On this point the Circuit Court ruled

The officers have testified that it was reported to them on or about the 12th of May, 1986, that a nude body had been seen bound and laying on a bed in this house at Daisy Street — is it Daisy Street? . . . Texas Street. I've heard the testimony of the officers as to their inquiries of Mrs. Stokes as to the ownership of the property; they secured a permission to search the property from the legal tenant. There is testimony in the record that Phillip Stokes stayed there sometimes; there is testimony that the door to the room was left open on many occasions and in fact had apparently been left open to the observation of those parties who saw the nude body laying on the bed. And I fail to find from any of the testimony before me that Phillip Stokes could have had a reasonable expectation of privacy as to this particular room under all of the circumstances surrounding it, so I will overrule and deny the motion.

To test the sufficiency of a search warrant we apply the totality of the circumstances test set out in Illinois v. Gates, 462 U.S. 213, 103 S.Ct. 2317, 76 L.Ed.2d 527 (1983) and adopted by this Court in Lee v. State, 435 So.2d 674 (Miss. 1983). In Lee this Court wrote: "the task of the issuing magistrate is simply to make a practical, common-sense decision whether, given all the circumstances set forth in the affidavit before him, including the `veracity' and `basis of knowledge' of persons supplying hearsay information, there is a fair probability that contraband or evidence of a crime will be found in a particular place. And the duty of a reviewing court is simply to ensure that the magistrate had a `substantial basis for . . . conclud[ing]' that probable cause existed". Carney v. State, 525 So.2d 776, 783 (Miss. 1988), quoting Lee v. State, 435 So.2d at 676.

"Probable cause for issuance of a search warrant is present when facts and circumstance within the officer's knowledge, or of which he had reasonable trustworthy information, are sufficient in themselves to justify a man of average caution in the belief that a crime has been committed and that a particular individual committed it." Hall v. State, 455 So.2d 1303, 1304 (Miss. 1984). The standard for determining if probable cause existed is an objective one. The facts upon which the State relied to establish probable cause must be sufficient to "warrant a man of reasonable caution in the belief that the action taken was appropriate." Carney v. State, 525 So.2d at 783, quoting Terry v. Ohio, 392 U.S. 1, 22, 88 S.Ct. 1868, 1880, 20 L.Ed.2d 889, 906 (1968).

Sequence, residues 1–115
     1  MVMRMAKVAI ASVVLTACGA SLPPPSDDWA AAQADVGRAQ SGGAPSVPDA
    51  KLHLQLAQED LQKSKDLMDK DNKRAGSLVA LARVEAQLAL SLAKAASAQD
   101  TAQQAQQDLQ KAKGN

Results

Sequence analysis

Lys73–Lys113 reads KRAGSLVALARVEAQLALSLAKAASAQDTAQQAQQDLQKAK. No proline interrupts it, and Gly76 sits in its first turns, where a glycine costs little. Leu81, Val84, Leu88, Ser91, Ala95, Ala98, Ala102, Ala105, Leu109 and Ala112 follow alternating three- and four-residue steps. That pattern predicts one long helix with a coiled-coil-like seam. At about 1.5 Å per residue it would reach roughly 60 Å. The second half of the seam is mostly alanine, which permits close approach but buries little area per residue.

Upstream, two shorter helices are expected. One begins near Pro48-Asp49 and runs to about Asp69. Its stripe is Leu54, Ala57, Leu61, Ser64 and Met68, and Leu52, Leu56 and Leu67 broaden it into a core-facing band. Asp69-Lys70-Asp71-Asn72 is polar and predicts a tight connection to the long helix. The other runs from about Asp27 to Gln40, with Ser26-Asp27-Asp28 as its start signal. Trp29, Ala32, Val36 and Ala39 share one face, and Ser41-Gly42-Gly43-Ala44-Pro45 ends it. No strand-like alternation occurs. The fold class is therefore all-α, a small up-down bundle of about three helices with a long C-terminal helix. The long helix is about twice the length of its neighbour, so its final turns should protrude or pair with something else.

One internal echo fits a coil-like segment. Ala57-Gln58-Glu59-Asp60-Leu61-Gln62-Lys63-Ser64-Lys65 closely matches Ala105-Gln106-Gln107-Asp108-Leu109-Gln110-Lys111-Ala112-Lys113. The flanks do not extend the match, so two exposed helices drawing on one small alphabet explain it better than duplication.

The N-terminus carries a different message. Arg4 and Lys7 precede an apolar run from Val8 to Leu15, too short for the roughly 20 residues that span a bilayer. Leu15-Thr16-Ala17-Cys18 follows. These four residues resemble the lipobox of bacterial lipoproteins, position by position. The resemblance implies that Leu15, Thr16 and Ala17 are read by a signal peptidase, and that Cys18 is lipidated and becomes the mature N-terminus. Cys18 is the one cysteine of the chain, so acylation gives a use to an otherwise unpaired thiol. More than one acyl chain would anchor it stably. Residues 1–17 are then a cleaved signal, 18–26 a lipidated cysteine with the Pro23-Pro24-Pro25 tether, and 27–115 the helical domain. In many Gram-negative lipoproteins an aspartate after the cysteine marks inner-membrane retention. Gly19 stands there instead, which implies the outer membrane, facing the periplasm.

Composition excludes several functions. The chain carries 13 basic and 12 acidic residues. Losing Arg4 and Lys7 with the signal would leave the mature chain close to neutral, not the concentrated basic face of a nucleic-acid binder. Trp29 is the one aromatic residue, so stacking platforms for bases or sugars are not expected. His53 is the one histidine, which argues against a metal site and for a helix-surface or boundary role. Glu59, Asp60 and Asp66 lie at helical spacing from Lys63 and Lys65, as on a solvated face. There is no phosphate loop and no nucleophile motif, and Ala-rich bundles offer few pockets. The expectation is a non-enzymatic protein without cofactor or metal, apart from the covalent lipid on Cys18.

It's the opinion of this court that law officers throughout the United States have the right to go to the scene of a felony crime when it is reported to them that a felony crime has occurred. It is evident to the court from the testimony in this case that these deputy sheriffs have probable cause to believe that a felony crime had occurred in Adams County, Mississippi, some time on Saturday, May the 10th, 1986.

We find no error in the Circuit Court's overruling the motion to suppress and allowing the fruits of the searches to be received into evidence over Stokes' objection.

The assignment of error is denied.


Stokes charges error in procedure at the suppression hearing. His point is that Officer Tommy Ferrell was allowed to testify at the suppression hearing, although he had remained in the court room during the prior testimony of Officers Manley, Johnson and Gibson. Stokes argues that this is a violation of Rule 615, Miss.R.Ev. It does indeed appear that at the outset of the hearing Stokes invoked his rights under Rule 615 that all witnesses should be excluded from the court room so that they could not hear the testimony of other witnesses.

We have held only recently that Rule 615 regarding exclusion of witnesses must be taken seriously. Douglas v. State, 525 So.2d 1312 (Miss. 1988). Without question, the rule is enforceable at a pre-trial suppression hearing. Rule 101 and 1101, Miss. R.Ev.

There is a nugget of language in Gaines v. State, 404 So.2d 557, 562 (Miss. 1981) which is helpful. In affirming that conviction, this Court held the sheriff's rebuttal testimony despite the invocation of the Rule not error because, in part, "The sheriff voluntarily removed himself during the testimony of those witnesses whose testimony he might be called to rebut or whose testimony might be used to bolster or fortify his own." Gaines, 404 So.2d at 562.

Officer Ferrell's testimony in this case, in rebuttal, appears to focus on the general procedure of the Adams County Sheriff concerning informing defendants of their right to an attorney. Here Ferrell testified that his encounter with Stokes, the morning of the 12th, was brief and no information was elicited because Stokes did not want to speak. Stokes was verbally informed of his rights, and no rights form was signed. He further testified that it was the Department's policy to offer a list of attorneys to defendants who so requested. Ferrell testified that he could not recall whether Stokes requested an attorney. Nothing in Ferrell's testimony could reasonably have adversely affected Stokes on any issue pending at the suppression hearing. Under these circumstances, the technical violation of Rule 615, if any, may only be harmless error.